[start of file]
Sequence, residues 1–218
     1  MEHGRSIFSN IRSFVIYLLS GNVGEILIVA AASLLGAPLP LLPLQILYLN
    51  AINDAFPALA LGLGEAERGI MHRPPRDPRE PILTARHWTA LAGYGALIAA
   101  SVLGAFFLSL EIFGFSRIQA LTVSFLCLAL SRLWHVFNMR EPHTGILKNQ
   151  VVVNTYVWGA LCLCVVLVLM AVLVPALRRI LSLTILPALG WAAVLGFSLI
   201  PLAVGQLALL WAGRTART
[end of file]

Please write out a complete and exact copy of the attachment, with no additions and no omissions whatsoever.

Sequence, residues 1–218
     1  MEHGRSIFSN IRSFVIYLLS GNVGEILIVA AASLLGAPLP LLPLQILYLN
    51  AINDAFPALA LGLGEAERGI MHRPPRDPRE PILTARHWTA LAGYGALIAA
   101  SVLGAFFLSL EIFGFSRIQA LTVSFLCLAL SRLWHVFNMR EPHTGILKNQ
   151  VVVNTYVWGA LCLCVVLVLM AVLVPALRRI LSLTILPALG WAAVLGFSLI
   201  PLAVGQLALL WAGRTART